The Messerschmitt airfields, which were concentrated in Bavaria, included Lechfeld, Leipheim, Schwäbisch Hall, Landsberg-Lech and Regensberg-Obertrabuling. At Lechfeld, the Messerschmitt test center, the first part of a new 2100-meter concrete runway was laid out in early May 1943; a second section was nearing completion in July 1944 (Graphic 5) and the runway was finished by November 1944. These dates coincide with the evaluation of the first Me 262 prototypes and the formation of the first Me 262 units at Lechfeld. The runways serving the Messerschmitt production facilities at Leipheim, Landsberg Lech and Schwäbisch Hall were also extended.  Leiphein's runway was lengthened to about 1800 meters in two stages between July and probably November of 1944 (Graphic 6).  A highway strip (not shown) using a 1900-meter stretch of the autobahn south of the Leipheim was probably operational by 2 June 1944, when a possible Me 262 was on the west end of the strip.  A camouflaged parking/dispersal area near the highway strip could also be accessed from Leipheim.
The Messerschmitt airfields, which were concentrated in Bavaria, included Lechfeld, Leipheim, Schwäbisch Hall, Landsberg-Lech and Regensberg-Obertrabuling. At Lechfeld, the Messerschmitt test center, the first part of a new 2100-meter concrete runway was laid out in early May 1943; a second section was nearing completion in July 1944 (Graphic 5) and the runway was finished by November 1944. These dates coincide with the evaluation of the first Me 262 prototypes and the formation of the first Me 262 units at Lechfeld. The runways serving the Messerschmitt production facilities at Leipheim, Landsberg Lech and Schwäbisch Hall were also extended.  Leiphein's runway was lengthened to about 1800 meters in two stages between July and probably November of 1944 (Graphic 6).  A highway strip (not shown) using a 1900-meter stretch of the autobahn south of the Leipheim was probably operational by 2 June 1944, when a possible Me 262 was on the west end of the strip.  A camouflaged parking/dispersal area near the highway strip could also be accessed from Leipheim.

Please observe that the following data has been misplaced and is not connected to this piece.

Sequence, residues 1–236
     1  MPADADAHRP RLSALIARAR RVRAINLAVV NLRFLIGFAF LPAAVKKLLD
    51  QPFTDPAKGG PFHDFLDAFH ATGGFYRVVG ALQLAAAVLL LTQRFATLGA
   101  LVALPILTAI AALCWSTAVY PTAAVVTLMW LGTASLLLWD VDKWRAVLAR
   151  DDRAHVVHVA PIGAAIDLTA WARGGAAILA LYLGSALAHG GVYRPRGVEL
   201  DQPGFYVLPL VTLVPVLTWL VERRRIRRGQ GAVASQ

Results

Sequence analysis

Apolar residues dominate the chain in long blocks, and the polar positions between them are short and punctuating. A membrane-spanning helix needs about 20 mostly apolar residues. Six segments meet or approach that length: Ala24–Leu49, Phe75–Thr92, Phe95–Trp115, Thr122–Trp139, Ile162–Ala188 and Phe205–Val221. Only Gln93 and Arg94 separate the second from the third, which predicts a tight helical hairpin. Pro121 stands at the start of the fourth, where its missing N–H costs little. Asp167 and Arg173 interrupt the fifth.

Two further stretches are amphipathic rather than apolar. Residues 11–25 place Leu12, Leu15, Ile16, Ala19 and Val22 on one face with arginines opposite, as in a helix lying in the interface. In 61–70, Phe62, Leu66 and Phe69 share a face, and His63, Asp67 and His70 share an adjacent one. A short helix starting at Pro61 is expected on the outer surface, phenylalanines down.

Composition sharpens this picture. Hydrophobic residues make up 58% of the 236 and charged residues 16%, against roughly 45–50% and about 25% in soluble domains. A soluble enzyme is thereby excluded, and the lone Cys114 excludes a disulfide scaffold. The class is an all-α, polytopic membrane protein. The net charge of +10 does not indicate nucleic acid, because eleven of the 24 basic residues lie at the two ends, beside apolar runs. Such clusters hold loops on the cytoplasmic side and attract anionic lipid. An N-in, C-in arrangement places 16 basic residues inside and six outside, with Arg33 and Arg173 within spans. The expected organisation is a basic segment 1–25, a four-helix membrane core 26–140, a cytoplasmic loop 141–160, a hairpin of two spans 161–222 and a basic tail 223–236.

At Landsberg-Lech, where where bunkers for Me 262 production (WEINGUT II and DIANA II) were being constructed nearby, the runway had been extended to only about 1300 meters in January 1944; however, by November a graded 250-meter overrun had been added off the runway's west end. (Graphic 7). A timeline for the runway work at Schwäbisch Hall is unknown, but the runway had been lengthened to about 1900 meters and was used by NAG 6 (Graphic 8). Evidence that the Messerschmitt factory at Regensburg-Obertrabuling had been selected for Me 262 production could be seen on imagery from 1 September 1945, when the outline of a 2200 meter runway could be seen south of the factory's grass field (Graphic 9).